Her parents were worried to death about her, having not heard from her since she was taken off with the old woman. Because they had already paid so much to the broker to help N. get an education, they had no money left to travel to pick her up. They desperately sold almost everything they had to earn the fare to come pick her up from the city and bring her home.
Finally, after months of abuse and isolation at the hands of not one, but two captors, N. was safe and sound, home with her family.
Although all human trafficking stories are tragic, N.’s story is particularly heartbreaking for me. She was trafficked not just once, but twice. And all because she wanted so desperately to receive an education — something that for me as an American is not just a privilege, but a requirement. Often I learn about families who willingly sell their children for sex or domestic labor. N.’s family was not like that; they loved her; they desired a future for her; and on multiple occasions they made great financial sacrifices to help give her a future. But despite their best intentions, they still fell prey to a manipulation scheme that is all too common across impoverished and vulnerable communities throughout Myanmar. Their story is just so heartbreaking; so hopeless.
Only for N., all hope is not lost.
Despite all she lived through, N. never quite lost her fighting spirit. After so many set-backs, she was still determined to go to school. Her family learned of the work of the Restoration Center and that education was a part of the therapeutic curriculum. N. could receive therapy for some of the emotional trauma she had experienced in captivity while also pursuing her dream of getting an education. She and her family both agreed: it was an opportunity they could not pass up.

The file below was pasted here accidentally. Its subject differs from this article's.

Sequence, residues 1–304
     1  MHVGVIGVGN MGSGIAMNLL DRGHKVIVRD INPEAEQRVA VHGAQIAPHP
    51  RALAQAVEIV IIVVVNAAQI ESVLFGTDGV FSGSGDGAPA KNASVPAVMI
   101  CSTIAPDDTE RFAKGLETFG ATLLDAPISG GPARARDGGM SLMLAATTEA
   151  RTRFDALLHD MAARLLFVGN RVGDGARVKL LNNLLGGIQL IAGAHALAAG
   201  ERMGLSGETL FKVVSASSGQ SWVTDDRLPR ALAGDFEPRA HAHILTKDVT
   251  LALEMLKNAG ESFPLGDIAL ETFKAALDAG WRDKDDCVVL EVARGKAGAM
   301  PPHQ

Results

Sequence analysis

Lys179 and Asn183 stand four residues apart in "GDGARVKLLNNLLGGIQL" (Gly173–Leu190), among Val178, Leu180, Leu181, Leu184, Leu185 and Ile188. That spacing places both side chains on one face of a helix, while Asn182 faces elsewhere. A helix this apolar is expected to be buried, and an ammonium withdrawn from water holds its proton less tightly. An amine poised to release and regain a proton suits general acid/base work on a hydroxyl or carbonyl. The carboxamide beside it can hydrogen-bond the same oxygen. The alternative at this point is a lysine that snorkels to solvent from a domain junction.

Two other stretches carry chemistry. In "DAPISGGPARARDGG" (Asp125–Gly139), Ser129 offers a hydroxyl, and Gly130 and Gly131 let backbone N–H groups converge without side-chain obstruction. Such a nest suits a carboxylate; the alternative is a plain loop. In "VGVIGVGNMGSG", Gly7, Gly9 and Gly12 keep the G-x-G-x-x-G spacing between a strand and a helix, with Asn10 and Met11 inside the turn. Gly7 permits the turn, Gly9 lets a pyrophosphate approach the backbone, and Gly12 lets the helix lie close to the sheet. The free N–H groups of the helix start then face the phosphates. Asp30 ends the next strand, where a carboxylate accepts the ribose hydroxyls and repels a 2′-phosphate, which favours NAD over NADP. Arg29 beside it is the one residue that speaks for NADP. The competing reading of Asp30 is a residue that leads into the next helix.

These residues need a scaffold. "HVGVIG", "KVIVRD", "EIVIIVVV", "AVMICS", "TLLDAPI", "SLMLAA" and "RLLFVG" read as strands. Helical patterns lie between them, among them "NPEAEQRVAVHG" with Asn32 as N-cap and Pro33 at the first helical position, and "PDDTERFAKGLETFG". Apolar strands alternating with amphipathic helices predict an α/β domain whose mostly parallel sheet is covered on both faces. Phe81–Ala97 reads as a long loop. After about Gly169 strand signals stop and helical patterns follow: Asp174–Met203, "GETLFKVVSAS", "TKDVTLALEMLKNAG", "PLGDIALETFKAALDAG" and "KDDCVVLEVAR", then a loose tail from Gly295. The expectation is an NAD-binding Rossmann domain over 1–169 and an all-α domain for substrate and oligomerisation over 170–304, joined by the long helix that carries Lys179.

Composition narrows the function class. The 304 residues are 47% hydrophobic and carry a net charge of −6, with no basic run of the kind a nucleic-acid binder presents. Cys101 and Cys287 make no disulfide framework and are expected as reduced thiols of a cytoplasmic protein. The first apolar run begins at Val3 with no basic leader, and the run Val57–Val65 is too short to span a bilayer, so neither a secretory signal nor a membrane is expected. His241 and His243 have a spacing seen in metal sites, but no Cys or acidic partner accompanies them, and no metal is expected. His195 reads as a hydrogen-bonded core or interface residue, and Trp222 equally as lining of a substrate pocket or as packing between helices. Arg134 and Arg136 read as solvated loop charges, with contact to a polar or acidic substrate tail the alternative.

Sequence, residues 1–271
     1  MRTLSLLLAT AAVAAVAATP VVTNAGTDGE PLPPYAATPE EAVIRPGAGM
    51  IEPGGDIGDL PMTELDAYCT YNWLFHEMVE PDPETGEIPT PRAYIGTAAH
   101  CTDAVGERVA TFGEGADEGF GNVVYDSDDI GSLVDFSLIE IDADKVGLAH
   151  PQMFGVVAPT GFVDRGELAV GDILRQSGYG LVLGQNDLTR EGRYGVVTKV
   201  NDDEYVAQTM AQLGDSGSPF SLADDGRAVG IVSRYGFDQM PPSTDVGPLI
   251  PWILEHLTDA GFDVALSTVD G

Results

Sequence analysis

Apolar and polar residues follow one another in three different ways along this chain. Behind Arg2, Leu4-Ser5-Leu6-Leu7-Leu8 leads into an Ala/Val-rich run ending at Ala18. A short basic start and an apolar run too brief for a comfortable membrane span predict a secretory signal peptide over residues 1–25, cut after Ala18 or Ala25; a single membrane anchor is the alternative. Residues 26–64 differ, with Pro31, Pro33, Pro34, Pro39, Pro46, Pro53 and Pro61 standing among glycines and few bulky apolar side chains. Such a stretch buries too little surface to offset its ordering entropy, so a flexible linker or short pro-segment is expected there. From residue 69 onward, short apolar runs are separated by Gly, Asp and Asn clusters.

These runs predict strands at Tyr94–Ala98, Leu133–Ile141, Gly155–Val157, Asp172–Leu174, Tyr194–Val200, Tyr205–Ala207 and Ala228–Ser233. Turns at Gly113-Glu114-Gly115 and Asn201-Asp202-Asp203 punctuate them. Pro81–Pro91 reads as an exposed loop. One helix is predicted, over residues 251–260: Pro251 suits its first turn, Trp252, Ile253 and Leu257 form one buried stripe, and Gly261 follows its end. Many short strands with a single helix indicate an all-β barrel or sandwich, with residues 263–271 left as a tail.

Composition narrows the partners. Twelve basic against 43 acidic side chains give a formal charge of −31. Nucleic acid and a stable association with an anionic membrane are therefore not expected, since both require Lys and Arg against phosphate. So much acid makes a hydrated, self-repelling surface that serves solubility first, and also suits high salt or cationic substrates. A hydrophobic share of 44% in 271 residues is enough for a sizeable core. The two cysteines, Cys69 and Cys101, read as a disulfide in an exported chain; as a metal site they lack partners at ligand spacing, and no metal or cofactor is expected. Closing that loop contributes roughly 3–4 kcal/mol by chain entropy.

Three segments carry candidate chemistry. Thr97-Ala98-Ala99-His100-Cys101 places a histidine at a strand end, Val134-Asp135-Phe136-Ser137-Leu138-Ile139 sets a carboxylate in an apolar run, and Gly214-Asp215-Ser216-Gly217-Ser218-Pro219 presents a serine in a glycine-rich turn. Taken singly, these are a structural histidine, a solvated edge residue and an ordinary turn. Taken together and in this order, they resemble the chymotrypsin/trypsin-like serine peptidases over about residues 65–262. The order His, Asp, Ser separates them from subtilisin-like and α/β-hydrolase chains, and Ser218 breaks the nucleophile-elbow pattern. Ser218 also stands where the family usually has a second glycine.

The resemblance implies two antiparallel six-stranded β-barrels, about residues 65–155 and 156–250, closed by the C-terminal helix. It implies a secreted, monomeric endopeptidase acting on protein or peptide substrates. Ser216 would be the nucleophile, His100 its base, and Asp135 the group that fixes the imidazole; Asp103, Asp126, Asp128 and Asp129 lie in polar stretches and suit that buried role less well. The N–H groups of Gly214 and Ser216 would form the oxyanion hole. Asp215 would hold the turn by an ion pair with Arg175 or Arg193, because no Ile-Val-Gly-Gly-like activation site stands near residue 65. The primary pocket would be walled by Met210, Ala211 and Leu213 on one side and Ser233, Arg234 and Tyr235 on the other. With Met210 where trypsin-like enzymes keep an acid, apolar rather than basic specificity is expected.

While the other girls at the Center spend their free time telling stories, playing the guitar, and painting each other’s nails, N. spends it in the back of the room, typing away on an old-school typewriter, trying to improve her typing speed and expand her grasp of the English language — all in an attempt to constantly be moving herself forward.
When I asked N. to tell me a little about her hopes and dreams for the future, she replied: “I want to go to school. I want to finish my high school education and go on to college. After college, I will go to seminary. After seminary, I will return to my village, where I will start a school and teach the children, because right now, they don’t have the chance to go to school. I will go back to my village, and I will bring education to my village.”
And there’s not a doubt in my mind that she will.
N. is not alone in her dreams, but nor is she alone in the challenges she faces to achieving them. As you read this, somewhere out there, surrounded by a dense jungle and living in a thatched-roof hut, there is a little girl in Myanmar who wants to go to school. Many will try to stop her and many will try to take advantage of her. But she will find a way. She will make a way. She will go to school. And she will be the future of her country.
~ Written in honor of my precious friend N. With your tiny hands, you will lift a nation. ~
*Note: Featured image is not “N.” Certain details of this story have been slightly altered or omitted to protect the privacy of those involved.